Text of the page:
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telligent heathen could go over them all, with a full comprehension of their meaning, without a continual joining in the exclamation of the centurion, as each new incident was placed before him, “ Truly this was the Son of God.”
It is, at present, only my intention cursorily and generally to touch on these, with a view of enlarging on each of them hereafter, in a series of consecutive discourses. May He, “ from whom every good and perfect gift cometh,” aid our endeavours in his service, and bless us in the task which we have undertaken.
We will begin by a review of some of the circumstances which attended the birth of Jesus Christ. Here we see a combination of miracles worthy the dignity of him for whose sake they were wrought, and wonderfully illustrative of the prophecies which had been spoken of the Messiah. We see the miraculous virgin-birth, foretold by the prophet, accomplished. We see the Shiloh, though the son of a carpenter in Nazareth of Galilee, yet lineally descended from Judah,
and, by unlooked-for means, born in Bethlehem of Judæa. We see angels announcing his birth; a new star appearing in the heavens, and the eastern sages journeying from a distant country to welcome and to salute their King. Surely he, whose birth was thus attended by wonders and by miracles, must have been more than man. “ Truly he was the Son of God.”
The life which followed was worthy of such a commencement; grand and impressive in reality, humble and unassuming in appearance. During the first part of it he seems to have been unknown beyond his immediate neighbourhood, and we are told, that with regard to his earthly parents, “ he was subject unto them!.” But previous to his entering on his public office, when he had arrived at a time of life, when both his mind and body had attained their highest maturity, he suffered himself to be subjected to a trial, from whence, more, almost, than from any other occurrence, we gather a proof of his di
vinity. The Scriptures tell us, that “he was led up of the Spirit into the wilderness to be tempted of the Devil!" The particular incidents of this temptation we will not now dwell on; nor will we insist, at present, on the circumstance, that in his combat with Satan, he was victorious; for this, if he was the Son of God, he could not but be; I will rather draw your attention, at the present moment, to the mode in which he effected it. We hear of no boastful efforts, of no vaunting defiances, of no obtrusive violence on the part of our Lord, circumstances which might make us doubt the truth of the story, or the sanity of the relators of it. The calm dignity with which the whole was done, the simple plain manner in which it is recorded, is the best witness of its truth. Satan is conquered by “ the sword of the Spirit, the word of God 2,5" and we can scarcely believe, that they who read the account, so quietly and explicitly related, will refuse to give it the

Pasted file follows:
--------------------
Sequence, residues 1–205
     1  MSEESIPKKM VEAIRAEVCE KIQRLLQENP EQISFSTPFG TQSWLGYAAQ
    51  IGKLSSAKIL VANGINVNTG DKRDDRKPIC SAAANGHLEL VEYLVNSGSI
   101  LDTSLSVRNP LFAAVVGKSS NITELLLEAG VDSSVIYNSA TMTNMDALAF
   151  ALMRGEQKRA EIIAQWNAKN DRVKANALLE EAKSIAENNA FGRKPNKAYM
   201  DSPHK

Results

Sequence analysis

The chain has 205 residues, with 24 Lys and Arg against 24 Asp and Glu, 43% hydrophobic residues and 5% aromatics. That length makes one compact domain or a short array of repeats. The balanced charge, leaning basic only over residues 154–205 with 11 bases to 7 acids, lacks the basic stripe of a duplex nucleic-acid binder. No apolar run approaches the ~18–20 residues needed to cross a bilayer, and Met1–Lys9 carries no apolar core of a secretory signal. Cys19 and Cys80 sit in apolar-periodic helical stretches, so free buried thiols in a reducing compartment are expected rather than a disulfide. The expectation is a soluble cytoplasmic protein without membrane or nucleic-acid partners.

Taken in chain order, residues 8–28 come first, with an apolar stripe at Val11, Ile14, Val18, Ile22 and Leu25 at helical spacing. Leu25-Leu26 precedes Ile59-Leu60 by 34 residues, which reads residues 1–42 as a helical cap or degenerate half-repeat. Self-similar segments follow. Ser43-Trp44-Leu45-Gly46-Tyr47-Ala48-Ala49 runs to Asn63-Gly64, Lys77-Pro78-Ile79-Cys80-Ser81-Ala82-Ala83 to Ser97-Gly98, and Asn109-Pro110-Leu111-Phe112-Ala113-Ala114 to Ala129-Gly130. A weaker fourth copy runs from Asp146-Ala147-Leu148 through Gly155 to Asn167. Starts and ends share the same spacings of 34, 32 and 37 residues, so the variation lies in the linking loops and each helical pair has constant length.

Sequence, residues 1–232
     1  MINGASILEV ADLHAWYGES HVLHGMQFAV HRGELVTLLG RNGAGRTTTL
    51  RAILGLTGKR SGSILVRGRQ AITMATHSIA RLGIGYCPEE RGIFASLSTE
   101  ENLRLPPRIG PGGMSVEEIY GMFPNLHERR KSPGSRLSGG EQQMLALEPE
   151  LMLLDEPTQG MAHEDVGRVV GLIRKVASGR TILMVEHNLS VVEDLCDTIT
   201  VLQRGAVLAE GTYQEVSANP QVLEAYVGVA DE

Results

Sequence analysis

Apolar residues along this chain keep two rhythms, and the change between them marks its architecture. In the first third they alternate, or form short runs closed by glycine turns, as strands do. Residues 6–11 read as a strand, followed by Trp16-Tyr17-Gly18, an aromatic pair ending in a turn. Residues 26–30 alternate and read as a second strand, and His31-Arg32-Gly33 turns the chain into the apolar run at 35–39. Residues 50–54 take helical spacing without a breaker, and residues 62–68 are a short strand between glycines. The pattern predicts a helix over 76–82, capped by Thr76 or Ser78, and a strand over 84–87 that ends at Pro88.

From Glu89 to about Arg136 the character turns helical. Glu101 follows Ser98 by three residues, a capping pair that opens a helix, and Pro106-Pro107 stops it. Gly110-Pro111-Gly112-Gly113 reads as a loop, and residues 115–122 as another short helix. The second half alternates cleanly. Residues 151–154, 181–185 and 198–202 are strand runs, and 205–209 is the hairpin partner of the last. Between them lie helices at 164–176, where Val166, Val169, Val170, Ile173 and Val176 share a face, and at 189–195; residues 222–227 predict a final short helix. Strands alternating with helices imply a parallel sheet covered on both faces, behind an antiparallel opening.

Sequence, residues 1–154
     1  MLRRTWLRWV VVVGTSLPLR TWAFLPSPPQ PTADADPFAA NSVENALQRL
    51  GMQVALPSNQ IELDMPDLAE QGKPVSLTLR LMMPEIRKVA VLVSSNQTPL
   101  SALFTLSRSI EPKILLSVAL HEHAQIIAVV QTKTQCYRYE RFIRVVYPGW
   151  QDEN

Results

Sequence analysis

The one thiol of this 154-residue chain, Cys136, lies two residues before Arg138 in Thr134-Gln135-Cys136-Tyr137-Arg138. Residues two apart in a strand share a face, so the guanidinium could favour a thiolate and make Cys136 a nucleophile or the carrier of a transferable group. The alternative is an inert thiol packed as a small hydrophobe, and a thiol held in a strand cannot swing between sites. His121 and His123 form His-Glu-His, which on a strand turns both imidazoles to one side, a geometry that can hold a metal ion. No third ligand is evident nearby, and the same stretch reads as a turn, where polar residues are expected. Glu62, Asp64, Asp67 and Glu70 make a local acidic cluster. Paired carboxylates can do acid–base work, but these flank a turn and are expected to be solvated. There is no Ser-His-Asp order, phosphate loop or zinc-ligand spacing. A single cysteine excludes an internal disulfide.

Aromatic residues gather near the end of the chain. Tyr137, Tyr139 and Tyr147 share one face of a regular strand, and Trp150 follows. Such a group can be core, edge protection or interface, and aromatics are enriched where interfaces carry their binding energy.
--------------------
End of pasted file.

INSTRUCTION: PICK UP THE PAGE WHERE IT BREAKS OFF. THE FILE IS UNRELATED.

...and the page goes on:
* Matt. iv. 1.
Eph. vi. 17.
benefit of this internal evidence, or will refrain from exclaiming; “ Truly this was the Son of God."
Our blessed Saviour's mode of teaching next claims our attention, as a proof of his divinity. The precepts which he delivered, and the rules which he enjoined, combine in them at once purity, holiness, wisdom, and simplicity. There was also in them a novelty, at that period in particular, very attractive, and one which appears exceedingly to have affected his hearers. When he had concluded his Sermon on the Mount, we are told', that “the people were astonished at his doctrine, for he taught them as one having authority, and not as the Scribes.” The mode also in which he led their notice to the laws delivered by Moses, and explained them, not only in the letter but in the spirit, at once shews the comprehensiveness of his mind, and the simple dignity and power which belonged to him; and the inferences which
1 Matt. vii. 28, 29.
he gathered from them were very different from what would have been drawn by a mere man, and still more different from what would have been deduced by an impostor. Men are too apt to be dazzled by pomp and splendour, and the passions of pride and ambition are too frequently the objects of their praise and imitation. But our Saviour's mind was exalted far above such sublunary grandeur, and his pleasure it was to commend the virtues of those who, like him, were “ meek and lowly in heart !," and to bid them “ find rest for their souls.” It is in the Sermon on the Mount that we shall see the truth of these observations principally shewn, and to this we will refer. It will be sufficient for us to look at the commencement of it, and these are the words ”, “ Blessed are the poor in spirit, for their's is the kingdom of heaven. Blessed are they that mourn, for they shall be comforted. Blessed are the meek, for they shall inherit the earth.
Matt. xi. 29.
2 Matt. v. 3, &c.